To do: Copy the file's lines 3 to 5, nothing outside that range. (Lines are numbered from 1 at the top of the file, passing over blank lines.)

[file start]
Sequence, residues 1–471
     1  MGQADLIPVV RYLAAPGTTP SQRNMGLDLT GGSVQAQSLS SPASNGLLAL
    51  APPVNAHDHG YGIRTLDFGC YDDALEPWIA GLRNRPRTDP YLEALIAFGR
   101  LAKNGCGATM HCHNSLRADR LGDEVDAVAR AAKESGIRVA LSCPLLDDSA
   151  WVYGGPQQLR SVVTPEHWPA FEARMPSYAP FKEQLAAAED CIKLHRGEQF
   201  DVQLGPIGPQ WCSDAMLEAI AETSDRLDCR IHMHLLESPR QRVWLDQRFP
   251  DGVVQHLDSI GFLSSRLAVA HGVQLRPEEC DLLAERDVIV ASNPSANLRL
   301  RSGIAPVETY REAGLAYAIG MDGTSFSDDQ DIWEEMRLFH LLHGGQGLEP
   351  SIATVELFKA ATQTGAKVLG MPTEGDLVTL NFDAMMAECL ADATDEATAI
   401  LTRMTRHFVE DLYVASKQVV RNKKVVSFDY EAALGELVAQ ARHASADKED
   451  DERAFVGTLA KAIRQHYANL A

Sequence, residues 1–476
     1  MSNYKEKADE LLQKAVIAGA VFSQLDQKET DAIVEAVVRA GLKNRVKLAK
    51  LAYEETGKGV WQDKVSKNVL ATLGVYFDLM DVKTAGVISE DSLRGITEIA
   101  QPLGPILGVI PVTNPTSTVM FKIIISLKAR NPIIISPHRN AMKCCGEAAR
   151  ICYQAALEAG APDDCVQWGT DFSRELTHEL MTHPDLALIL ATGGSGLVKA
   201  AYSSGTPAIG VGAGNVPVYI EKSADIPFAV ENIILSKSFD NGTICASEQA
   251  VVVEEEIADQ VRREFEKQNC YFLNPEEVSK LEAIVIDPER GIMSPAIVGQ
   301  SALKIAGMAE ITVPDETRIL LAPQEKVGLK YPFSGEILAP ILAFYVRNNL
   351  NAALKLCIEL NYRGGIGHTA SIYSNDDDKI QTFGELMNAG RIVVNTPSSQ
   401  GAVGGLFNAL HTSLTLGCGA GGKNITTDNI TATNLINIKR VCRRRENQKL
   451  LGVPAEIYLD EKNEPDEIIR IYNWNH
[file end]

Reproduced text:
    51  APPVNAHDHG YGIRTLDFGC YDDALEPWIA GLRNRPRTDP YLEALIAFGR
   101  LAKNGCGATM HCHNSLRADR LGDEVDAVAR AAKESGIRVA LSCPLLDDSA
   151  WVYGGPQQLR SVVTPEHWPA FEARMPSYAP FKEQLAAAED CIKLHRGEQF